Monday, September 25, 2023
A touchpoint experience for many first-generation immigrants is learning English. A touchpoint for the second-generation and later children of immigrant families is the struggle to retain their heritage language. Two recent articles and a Pew Poll (covered by Immprof blogger KJ) speak to the phenomenon of language attrition, or language loss in later generations of immigration: one related to Spanish-speakers and the other to Chinese-speakers (especially non-Mandarin speakers, like the Cantonese speaker in the story).
- Some Latinos in US Shamed When They cannot Speak Spanish, USA Today (September 20, 2023)
- The Parents Trying to Pass Down a Language They Hardly Know, The Atlantic (September 25, 2023)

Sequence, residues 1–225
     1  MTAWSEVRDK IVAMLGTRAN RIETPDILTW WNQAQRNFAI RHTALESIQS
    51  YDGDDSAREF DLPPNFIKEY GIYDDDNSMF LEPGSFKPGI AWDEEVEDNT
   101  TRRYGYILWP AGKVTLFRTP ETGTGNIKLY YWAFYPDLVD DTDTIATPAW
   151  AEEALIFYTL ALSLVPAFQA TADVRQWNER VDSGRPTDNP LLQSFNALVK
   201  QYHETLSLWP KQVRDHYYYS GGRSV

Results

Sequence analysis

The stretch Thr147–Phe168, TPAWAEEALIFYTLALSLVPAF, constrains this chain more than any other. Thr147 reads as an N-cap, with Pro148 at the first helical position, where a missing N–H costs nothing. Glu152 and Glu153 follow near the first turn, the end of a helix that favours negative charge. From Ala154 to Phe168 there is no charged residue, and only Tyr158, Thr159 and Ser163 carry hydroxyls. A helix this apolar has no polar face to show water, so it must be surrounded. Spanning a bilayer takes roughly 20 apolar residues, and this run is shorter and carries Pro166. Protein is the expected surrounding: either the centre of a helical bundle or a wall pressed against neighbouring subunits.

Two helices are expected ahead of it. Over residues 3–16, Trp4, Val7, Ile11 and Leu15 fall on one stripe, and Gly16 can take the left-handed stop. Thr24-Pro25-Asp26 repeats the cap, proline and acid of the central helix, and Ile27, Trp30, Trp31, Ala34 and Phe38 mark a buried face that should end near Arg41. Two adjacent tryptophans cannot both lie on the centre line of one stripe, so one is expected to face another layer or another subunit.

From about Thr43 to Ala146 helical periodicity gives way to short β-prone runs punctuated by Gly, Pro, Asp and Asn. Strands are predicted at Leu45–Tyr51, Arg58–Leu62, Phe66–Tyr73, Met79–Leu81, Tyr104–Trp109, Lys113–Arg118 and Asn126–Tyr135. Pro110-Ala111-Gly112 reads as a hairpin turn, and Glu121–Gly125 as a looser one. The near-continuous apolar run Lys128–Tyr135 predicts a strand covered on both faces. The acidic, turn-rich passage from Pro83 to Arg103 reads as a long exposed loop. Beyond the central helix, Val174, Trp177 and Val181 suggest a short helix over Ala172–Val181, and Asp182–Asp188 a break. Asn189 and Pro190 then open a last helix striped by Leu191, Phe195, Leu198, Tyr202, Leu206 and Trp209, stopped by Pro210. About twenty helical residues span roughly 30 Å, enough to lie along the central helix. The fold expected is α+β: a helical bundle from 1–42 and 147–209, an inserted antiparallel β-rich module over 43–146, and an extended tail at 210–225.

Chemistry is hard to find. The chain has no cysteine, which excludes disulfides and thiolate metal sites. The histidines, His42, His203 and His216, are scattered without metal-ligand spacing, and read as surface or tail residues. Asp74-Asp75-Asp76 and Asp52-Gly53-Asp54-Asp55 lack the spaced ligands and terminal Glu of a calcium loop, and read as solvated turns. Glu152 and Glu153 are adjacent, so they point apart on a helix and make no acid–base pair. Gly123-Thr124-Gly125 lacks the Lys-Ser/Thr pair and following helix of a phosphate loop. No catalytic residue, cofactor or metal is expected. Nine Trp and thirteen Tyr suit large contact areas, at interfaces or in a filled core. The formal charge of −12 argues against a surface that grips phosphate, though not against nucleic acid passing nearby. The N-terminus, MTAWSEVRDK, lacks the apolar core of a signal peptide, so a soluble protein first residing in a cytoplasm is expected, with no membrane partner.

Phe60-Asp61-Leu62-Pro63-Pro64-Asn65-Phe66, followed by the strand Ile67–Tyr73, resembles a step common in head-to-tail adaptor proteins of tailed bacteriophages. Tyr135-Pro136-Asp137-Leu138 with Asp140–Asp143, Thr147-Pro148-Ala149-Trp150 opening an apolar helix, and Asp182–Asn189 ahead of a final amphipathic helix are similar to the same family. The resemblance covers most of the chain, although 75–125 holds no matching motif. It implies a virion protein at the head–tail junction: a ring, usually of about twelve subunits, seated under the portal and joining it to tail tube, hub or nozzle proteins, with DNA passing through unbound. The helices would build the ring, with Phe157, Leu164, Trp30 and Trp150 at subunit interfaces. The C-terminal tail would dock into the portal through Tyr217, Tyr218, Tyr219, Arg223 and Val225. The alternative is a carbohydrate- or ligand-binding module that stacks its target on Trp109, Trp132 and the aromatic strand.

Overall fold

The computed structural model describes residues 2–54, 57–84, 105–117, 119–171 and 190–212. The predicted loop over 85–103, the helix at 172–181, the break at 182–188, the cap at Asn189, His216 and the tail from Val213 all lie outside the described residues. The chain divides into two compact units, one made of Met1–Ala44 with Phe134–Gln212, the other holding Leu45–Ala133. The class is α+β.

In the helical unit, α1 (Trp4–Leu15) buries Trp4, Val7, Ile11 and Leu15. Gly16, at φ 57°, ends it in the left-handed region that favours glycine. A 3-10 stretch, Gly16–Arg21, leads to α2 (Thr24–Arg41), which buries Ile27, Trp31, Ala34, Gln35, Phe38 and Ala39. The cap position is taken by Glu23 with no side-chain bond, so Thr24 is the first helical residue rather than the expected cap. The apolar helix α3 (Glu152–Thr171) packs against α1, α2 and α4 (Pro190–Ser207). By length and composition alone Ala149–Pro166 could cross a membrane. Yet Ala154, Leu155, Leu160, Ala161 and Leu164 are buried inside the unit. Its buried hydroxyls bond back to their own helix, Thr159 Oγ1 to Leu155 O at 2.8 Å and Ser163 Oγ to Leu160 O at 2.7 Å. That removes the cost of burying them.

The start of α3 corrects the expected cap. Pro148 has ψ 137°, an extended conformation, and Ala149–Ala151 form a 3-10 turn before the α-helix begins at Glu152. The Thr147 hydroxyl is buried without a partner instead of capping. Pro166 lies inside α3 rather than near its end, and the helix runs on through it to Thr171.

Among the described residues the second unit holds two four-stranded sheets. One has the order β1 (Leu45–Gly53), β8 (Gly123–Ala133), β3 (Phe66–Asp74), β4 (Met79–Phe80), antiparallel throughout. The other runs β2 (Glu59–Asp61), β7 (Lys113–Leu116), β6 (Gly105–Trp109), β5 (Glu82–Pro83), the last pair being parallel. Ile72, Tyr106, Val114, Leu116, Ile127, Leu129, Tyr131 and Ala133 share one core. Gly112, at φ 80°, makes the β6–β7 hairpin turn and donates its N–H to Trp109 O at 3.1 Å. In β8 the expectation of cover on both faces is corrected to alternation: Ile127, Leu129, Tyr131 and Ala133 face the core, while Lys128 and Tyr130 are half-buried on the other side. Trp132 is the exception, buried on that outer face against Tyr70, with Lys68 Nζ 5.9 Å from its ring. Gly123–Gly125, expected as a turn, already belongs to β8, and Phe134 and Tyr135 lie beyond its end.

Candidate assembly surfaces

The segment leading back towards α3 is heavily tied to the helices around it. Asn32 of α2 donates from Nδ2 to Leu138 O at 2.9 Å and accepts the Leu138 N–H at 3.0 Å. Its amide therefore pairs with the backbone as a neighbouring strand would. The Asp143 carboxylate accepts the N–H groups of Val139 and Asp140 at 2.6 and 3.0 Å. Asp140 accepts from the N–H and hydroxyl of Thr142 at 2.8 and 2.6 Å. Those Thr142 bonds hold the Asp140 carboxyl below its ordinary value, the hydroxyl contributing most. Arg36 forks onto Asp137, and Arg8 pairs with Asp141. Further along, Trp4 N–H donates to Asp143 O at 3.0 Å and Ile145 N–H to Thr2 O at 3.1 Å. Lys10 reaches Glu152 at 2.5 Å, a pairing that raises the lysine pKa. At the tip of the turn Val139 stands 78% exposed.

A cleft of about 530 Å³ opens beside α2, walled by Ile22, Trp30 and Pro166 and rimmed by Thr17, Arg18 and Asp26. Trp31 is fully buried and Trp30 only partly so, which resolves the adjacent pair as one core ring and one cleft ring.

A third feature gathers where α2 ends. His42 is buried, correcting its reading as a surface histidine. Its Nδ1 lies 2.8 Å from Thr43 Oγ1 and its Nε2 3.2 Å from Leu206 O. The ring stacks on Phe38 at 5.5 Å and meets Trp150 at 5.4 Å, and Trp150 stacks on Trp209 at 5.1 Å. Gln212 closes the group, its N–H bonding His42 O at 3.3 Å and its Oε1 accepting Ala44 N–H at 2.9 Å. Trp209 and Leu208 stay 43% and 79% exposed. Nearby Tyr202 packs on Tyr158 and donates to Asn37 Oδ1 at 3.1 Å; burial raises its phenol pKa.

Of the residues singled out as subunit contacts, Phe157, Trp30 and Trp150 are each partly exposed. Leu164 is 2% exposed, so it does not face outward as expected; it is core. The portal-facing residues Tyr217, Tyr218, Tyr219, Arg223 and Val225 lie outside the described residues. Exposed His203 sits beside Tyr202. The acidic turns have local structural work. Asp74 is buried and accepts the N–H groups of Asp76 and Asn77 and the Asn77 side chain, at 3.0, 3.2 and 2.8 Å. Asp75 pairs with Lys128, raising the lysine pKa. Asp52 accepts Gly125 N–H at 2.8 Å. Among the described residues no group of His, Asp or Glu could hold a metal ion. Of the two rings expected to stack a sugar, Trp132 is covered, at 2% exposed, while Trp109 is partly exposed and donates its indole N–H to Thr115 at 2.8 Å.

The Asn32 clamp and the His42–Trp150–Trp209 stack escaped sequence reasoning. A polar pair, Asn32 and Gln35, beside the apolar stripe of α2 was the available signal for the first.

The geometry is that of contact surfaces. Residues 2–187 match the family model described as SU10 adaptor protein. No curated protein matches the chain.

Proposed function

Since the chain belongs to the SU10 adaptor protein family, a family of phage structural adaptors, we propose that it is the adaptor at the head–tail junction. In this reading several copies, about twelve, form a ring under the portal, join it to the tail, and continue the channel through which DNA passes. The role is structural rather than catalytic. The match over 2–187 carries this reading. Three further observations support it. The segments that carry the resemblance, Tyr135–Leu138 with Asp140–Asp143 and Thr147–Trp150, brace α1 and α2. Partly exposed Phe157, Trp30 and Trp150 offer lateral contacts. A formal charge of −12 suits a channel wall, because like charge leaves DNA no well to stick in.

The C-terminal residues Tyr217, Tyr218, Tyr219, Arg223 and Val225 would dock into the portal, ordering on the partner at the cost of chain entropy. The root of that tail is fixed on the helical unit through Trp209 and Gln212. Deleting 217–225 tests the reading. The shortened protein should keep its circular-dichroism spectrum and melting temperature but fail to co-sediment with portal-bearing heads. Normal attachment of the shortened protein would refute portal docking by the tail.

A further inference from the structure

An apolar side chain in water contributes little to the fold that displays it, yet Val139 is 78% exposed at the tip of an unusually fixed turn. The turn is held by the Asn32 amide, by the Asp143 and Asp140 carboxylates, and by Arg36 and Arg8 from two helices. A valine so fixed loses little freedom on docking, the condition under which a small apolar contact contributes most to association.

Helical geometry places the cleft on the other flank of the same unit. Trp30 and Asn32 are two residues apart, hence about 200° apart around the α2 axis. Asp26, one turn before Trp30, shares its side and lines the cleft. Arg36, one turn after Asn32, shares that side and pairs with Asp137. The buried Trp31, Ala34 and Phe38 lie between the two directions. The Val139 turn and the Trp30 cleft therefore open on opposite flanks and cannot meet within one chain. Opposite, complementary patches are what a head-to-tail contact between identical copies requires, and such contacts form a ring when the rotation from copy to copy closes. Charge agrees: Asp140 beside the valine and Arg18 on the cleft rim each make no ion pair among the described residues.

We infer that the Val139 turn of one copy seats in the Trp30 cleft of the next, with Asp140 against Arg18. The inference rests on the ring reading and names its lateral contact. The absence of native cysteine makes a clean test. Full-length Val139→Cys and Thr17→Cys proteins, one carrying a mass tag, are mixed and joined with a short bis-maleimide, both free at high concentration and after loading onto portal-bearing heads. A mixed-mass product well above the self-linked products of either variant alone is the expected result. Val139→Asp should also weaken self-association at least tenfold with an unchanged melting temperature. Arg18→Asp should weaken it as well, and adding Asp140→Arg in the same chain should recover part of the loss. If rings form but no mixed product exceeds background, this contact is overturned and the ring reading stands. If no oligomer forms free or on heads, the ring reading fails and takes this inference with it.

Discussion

These stories are told against a backdrop of playground teasing and grown-up nativism toward immigrants for not learning the English language or not learning it quickly (as Samuel Huntington famously set forth more than a decade ago).
Empirical data on immigrant assimilation and language from a report on Immigrant Assimilation in the US by the National Academy of Sciences shows that language acquisition and loss show itself in the third-generation, squaring the circle of the first-person narratives and Samuel Huntington's complaint against the immigrant and second-generation. The Pew Poll is here.